Streetwise: building the confidence of vulnerable people

For Streetwise course participant Peter Lomas, the harassment came in the form of kids throwing stones. Another participant on Peter’s course had been so shaken by the shouting and swearing she faced when getting a bus that she was too scared to leave her own home. Others had been conned by people they thought were friends who persuaded them to lend them money they then never saw again.

Bullying of people with learning disabilities can take many forms. According to the charity Mencap, as many as nine out of 10 nationally have been a victim of some form of hate crime or harassment.

That’s why Connect in the North, a Leeds-based organisation led by people with learning disabilities, has been running Streetwise, a tailor-made course to boost the confidence and independence of people with learning disabilities who might be vulnerable to harassment.

The course, which ran last summer and is being provided again this August, it’s run in the summer to allow people who go to college to attend. It brings participants together in a supportive atmosphere to talk through strategies for staying safe when they’re out and about in the city.

In the gaps between the four sessions, held once a week, those on the course are encouraged to go by themselves and then report back on their experiences, with their goals very much tailored to their own experience and capacity so that they are not putting themselves at risk. It’s a simple idea, but an effective one.

For, as Connect in the North consultant and trainer Sarah Wheatley explains, even just a little bit more independence can make a huge difference to people’s lives.
“Some people went from always being met by their support worker at home to meeting them at the bus stop,” she says, “that might not look like big progress but that was incredible for them, that they were starting to get independent. And one woman who had been so knocked back by her awful experience of abuse said on the last day she was going to go to the theatre with a friend and get the bus there herself. She did it.”

A report published by Connect in the North last year showed that, among the successful outcomes experienced by 22 people on the course, one person who often got lost planned and practiced a new journey, another travelled in taxis without support while others used buses, train and a coach for the first time.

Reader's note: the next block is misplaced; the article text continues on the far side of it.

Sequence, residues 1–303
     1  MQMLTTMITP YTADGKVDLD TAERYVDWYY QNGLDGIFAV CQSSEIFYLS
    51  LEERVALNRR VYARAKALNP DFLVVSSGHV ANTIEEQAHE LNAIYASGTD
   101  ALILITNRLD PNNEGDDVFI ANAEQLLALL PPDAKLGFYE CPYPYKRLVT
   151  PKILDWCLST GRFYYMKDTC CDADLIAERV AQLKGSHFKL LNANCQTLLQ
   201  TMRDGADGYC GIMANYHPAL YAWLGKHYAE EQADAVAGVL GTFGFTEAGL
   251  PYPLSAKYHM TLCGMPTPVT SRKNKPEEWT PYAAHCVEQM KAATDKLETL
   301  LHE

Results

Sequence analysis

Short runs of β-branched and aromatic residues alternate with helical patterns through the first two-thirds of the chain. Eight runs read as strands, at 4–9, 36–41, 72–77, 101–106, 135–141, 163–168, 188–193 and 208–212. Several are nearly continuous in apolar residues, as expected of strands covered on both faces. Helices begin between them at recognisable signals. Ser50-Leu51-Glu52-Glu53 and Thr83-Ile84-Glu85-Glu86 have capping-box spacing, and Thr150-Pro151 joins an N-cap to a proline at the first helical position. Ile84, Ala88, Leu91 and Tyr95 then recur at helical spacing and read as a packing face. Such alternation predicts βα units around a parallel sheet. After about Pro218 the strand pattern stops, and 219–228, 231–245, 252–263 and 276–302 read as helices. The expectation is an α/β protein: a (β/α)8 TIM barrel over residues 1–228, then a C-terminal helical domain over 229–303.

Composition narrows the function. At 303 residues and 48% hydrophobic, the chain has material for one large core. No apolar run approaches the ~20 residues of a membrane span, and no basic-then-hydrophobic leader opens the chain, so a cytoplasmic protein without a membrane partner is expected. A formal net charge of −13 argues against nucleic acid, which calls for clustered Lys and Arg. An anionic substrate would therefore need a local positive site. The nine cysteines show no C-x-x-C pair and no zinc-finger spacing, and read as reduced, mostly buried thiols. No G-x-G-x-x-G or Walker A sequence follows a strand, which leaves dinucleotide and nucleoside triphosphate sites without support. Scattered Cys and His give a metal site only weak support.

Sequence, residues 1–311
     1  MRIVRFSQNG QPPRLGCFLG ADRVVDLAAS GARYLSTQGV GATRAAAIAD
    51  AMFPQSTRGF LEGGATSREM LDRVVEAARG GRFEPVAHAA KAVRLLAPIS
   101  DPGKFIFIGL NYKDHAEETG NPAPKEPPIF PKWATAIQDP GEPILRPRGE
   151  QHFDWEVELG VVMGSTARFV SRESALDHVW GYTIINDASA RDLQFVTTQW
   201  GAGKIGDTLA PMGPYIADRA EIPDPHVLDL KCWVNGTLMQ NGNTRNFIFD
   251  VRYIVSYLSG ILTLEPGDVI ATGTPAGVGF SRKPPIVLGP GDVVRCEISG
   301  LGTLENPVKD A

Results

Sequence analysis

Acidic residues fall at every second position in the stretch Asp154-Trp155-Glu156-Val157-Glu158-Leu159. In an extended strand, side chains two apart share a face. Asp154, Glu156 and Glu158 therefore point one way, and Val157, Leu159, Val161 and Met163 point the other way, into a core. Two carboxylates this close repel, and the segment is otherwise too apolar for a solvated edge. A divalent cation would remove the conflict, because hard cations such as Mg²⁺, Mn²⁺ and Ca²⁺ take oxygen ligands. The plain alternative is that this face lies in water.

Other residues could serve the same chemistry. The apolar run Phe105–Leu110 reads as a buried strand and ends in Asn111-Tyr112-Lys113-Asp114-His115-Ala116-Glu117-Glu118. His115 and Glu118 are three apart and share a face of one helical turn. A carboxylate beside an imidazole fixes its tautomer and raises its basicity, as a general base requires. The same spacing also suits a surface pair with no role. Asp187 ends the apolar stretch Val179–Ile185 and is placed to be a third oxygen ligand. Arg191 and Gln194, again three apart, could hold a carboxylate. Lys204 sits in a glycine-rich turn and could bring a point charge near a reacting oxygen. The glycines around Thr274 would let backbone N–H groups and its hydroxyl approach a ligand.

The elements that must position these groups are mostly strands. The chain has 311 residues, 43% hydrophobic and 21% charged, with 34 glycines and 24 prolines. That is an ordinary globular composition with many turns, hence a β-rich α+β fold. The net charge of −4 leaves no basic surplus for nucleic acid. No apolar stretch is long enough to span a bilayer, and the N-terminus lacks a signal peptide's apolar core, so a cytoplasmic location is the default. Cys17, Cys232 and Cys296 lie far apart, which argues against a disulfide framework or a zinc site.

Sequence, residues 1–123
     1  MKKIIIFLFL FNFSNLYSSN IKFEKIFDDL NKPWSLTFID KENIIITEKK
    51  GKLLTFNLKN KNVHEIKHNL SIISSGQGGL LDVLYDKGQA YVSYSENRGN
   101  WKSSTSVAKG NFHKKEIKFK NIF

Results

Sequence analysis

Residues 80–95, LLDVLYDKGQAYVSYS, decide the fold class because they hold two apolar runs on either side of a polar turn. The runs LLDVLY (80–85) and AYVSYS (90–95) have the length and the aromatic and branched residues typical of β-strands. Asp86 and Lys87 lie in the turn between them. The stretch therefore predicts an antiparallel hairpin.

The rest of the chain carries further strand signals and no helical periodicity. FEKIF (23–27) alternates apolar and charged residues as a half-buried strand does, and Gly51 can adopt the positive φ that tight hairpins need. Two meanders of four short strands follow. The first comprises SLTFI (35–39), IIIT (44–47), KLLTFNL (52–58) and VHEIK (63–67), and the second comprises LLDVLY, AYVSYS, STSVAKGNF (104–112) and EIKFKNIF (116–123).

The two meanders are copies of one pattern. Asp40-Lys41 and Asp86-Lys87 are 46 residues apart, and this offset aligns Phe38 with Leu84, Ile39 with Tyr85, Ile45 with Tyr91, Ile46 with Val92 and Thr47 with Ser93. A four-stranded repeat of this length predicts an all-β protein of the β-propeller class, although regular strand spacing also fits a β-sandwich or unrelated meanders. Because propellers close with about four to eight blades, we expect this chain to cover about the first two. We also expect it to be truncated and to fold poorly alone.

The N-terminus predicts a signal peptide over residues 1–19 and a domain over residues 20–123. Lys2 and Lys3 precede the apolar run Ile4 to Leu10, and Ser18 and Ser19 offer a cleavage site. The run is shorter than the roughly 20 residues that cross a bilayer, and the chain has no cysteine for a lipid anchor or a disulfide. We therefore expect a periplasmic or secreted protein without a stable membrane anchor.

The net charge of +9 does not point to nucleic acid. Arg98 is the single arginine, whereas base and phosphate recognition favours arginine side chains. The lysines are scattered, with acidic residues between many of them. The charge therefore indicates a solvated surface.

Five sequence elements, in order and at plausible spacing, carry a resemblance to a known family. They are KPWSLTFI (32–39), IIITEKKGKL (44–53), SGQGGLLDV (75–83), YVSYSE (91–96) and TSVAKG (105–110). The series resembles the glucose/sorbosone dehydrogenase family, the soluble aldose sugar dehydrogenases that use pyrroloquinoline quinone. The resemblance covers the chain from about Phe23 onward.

Being on the receiving end of verbal abuse – or worse – can be incredibly frightening, But it’s also the fear of the unknown which can prevent people with learning disabilities from getting out on their own. “It’s things like who do you go to if you get horribly lost,” says Sarah. “It’s about building strategies to keep safe rather than thinking the only person I can call on is my support worker or the police. So if you’re on the bus and you miss the stop, then you could just go round again. And in Leeds we’ve got a Safe Places scheme, so there are shops and other buildings people can go in if they’re lost or need help.”

Streetwise also addresses the issue of “mate crime”, an all-too common experience for those with learning disabilities. “It’s the biggest risk – there are probably more cases than somebody being abused,” says Sarah. “People will pretend to be their friend and then borrow money and not pay it back. It’s about teaching the people on the course that that is not all right and they are worth more than that.”

It’s a sad fact that with social care resources ever more stretched, the one-to-one support available for people with learning disabilities for activities deemed non-essential is unlikely to increase any time soon. But who can put a value on being able to take a stroll to the shops or a bus trip to a community get-together?

Peter, who’s one of the directors of Connect in the North, relishes his own independence and is a powerful advocate for the Streetwise model after being on the course himself. “I’d tell anyone it’s a good thing to do,” he says. “It tells you what is safe and not safe.”

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